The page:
Mary Ng, Canada’s International Trade Minister, believes the COVID-19 pandemic has taught the world some lessons about the importance of a well-functioning global trading system. In a couple of weeks, we’ll find out if the rest of the world trade community is prepared to set aside its infighting and act on those lessons.
“We have seen the fragilities of the world trading system during this pandemic, particularly around supply chains,” Ms. Ng said in a telephone interview last week from Geneva, Switzerland, where she attended meetings in preparation for the World Trade Organization’s ministerial conference – its most important gathering of world trade leaders, taking place in the Swiss city from Nov. 30 to Dec. 3.
“All of us have on our minds the importance of economic recovery. For a country like Canada, as a trading nation, it’s really important that we have an institution that really supports a multilateral, rules-based [trade] system. The WTO, of course, is at that core.”
But the WTO, which has overseen the rules governing global trade for the past quarter-century, enters these meetings in a state of paralysis, if not outright crisis.
Its ministerial conferences, which two decades ago attracted the kind of international attention that the just-ended COP26 climate conference received, have become largely fruitless exercises that have underlined the organization’s dysfunctions. It has been unable to nail down meaningful agreements to expand multilateral trade rules into new and emerging areas. Its dispute-settlement functions have ground to a halt, with the United States effectively blocking them.
The Geneva ministerial conference will be the first in four years; normally, they take place roughly every two years, but the original conference, set for June, 2020, in Kazakhstan, was postponed by the COVID-19 pandemic. The conference may prove a critical test for the organization; it’s running out of chances to prove it can remain relevant.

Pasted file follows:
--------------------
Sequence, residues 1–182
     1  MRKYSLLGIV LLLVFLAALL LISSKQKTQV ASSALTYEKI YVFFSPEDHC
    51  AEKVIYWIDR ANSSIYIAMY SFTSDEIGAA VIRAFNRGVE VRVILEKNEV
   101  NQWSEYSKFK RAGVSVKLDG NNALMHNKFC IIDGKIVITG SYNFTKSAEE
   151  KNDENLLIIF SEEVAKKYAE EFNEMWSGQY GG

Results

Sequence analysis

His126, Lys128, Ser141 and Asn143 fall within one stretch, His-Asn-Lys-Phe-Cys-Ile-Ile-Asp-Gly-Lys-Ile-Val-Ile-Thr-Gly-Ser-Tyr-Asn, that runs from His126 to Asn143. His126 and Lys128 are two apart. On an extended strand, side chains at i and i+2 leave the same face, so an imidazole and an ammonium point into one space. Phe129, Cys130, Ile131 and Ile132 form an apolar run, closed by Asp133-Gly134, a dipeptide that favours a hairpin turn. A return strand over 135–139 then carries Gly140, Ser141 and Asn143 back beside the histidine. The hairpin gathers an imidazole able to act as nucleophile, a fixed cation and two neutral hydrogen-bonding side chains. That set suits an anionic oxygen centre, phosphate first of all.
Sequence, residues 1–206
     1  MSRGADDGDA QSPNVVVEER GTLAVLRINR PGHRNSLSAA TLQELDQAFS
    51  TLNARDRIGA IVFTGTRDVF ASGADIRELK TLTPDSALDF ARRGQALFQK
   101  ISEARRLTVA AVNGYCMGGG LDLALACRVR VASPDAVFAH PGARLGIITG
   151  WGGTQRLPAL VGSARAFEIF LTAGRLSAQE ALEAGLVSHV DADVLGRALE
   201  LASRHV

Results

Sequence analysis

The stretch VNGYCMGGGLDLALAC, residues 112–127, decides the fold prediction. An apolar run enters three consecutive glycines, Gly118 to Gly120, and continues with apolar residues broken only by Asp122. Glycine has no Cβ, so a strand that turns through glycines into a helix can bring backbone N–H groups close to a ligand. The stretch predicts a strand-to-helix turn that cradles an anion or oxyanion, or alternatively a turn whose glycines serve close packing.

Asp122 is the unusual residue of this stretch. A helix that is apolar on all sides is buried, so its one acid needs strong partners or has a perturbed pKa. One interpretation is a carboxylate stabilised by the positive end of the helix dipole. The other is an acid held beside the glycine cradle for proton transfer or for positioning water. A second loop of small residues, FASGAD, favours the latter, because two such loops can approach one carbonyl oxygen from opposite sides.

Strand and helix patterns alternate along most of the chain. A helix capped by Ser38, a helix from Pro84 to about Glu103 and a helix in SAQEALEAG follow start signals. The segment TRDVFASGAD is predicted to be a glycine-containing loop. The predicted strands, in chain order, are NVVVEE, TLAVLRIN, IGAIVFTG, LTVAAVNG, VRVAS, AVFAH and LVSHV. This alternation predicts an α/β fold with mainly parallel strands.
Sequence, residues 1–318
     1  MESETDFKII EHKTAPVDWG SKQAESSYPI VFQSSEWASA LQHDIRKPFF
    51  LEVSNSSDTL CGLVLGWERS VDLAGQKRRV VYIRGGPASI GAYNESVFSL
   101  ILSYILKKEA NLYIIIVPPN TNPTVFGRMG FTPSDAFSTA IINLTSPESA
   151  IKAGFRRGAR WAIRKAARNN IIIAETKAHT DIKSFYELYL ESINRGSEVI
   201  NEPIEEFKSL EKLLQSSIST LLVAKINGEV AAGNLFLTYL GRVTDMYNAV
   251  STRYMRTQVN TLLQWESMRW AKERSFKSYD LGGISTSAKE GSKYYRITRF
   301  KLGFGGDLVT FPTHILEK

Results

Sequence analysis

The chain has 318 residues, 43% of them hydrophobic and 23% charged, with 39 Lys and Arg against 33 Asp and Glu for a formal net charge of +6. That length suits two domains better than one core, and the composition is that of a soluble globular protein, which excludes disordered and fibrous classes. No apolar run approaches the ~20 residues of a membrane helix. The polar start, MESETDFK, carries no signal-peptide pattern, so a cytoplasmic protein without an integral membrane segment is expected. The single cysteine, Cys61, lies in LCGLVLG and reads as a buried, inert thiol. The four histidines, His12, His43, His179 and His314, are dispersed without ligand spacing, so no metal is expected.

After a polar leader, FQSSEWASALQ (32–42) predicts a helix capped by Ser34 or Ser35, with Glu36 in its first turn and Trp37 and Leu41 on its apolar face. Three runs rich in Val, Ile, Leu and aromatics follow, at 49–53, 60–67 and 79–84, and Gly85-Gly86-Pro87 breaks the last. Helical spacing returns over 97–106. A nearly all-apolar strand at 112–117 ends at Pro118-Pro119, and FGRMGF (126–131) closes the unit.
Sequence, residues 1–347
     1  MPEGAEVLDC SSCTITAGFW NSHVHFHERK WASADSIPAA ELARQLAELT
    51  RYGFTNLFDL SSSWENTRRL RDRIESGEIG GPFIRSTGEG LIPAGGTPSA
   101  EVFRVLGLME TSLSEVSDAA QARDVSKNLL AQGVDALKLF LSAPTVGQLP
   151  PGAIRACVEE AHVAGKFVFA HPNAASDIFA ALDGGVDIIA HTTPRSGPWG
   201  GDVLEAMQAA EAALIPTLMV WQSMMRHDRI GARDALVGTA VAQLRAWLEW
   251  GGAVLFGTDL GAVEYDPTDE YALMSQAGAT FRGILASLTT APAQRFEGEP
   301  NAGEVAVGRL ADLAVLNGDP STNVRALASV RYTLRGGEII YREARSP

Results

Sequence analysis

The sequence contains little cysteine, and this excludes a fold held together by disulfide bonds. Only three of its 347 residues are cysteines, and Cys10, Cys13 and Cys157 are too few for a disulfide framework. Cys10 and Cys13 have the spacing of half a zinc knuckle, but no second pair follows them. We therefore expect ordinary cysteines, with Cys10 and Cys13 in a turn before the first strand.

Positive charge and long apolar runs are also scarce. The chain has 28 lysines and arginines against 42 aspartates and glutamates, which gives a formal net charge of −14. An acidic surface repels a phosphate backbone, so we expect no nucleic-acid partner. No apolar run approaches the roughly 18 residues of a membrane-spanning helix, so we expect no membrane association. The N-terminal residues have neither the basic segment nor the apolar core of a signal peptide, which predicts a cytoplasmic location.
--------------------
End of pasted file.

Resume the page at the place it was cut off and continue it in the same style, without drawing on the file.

For Canada, a mid-power trading country that has grown to rely pretty heavily on the safety net of rules-based global trade, making the WTO work again is a big deal. Canada has spearheaded the Ottawa Group, a baker’s dozen of like-minded WTO members that has spent the past couple of years working on ways to reform the WTO, particularly the logjams that have formed around adjudicating disputes and negotiating agreements.
But even before tackling those thorny issues, the Ottawa Group will test the waters at the conference table with a proposal that has emerged from the COVID-19 crisis, called the Trade and Health Initiative. The goal is to nail down an agreement on the trade of essential medical goods, to ensure that supply chains remain open and borders unfettered by protectionist barriers in this and future pandemics.
Ms. Ng described Trade and Health as exactly the kind of thing that a rejuvenated WTO should be able to do: spot key global trade problems as they emerge, and adapt its rules framework to address them and protect the global trading system.
She identified Trade and Health as the key priority for Canada at this ministerial conference – indeed, it’s why she went to Geneva last week, to build consensus among WTO members for a deal.
“To have the WTO have a response to the pandemic is really important,” she said. “Yes, I am hoping for a multilateral [agreement]. ... That is what we’re hoping to do.”
Another key test at this ministerial conference will be concluding an agreement to eliminate certain harmful fishery subsidies – a proposal that has reached a make-or-break moment at these meetings. After 20 frustrating years in the works, it’s tantalizingly close, and it’s a win the WTO sorely needs, symbolically if nothing else. It would also demonstrate the WTO’s potential to move beyond tariffs and trade barriers and play a role in environmental protection through trade regulation – something that will be critical over the next few decades.
While there is optimism that the fisheries pact might finally get done, hopes are less sunny about breathing life back into the WTO’s dispute-settlement mechanism at this ministerial conference.
The U.S. administration under Donald Trump – a president who was openly hostile toward the WTO – effectively blocked the WTO from adjudicating cases, by refusing to approve appointments of new judges to the WTO’s appeals body when the terms of previous judges expired. (For nearly two years, the appellate body hasn’t had enough judges to hear cases.)
President Joe Biden’s administration has spoken more positively about its commitment to the WTO and the global trade system, but has continued to block appointments, citing long-standing U.S. concerns over a dispute-settlement process that it insists needs an overhaul.
U.S. Trade Representative Katherine Tai and other Biden administration trade officials have suggested they’d like to find a solution to get the dispute mechanism working again. (Ms. Tai even participated, as an observer, in an Ottawa Group meeting in the summer.) But they have also signalled that they don’t intend to move on this until sometime after the Geneva conference.
“I’ve certainly talked to the USTR about it, and other countries have as well,” Ms. Ng said. “I’m encouraged that the USTR has said that the WTO, and what it does for the world trading system, is important.”
“It’s an area we need to just keep working on,” she said.
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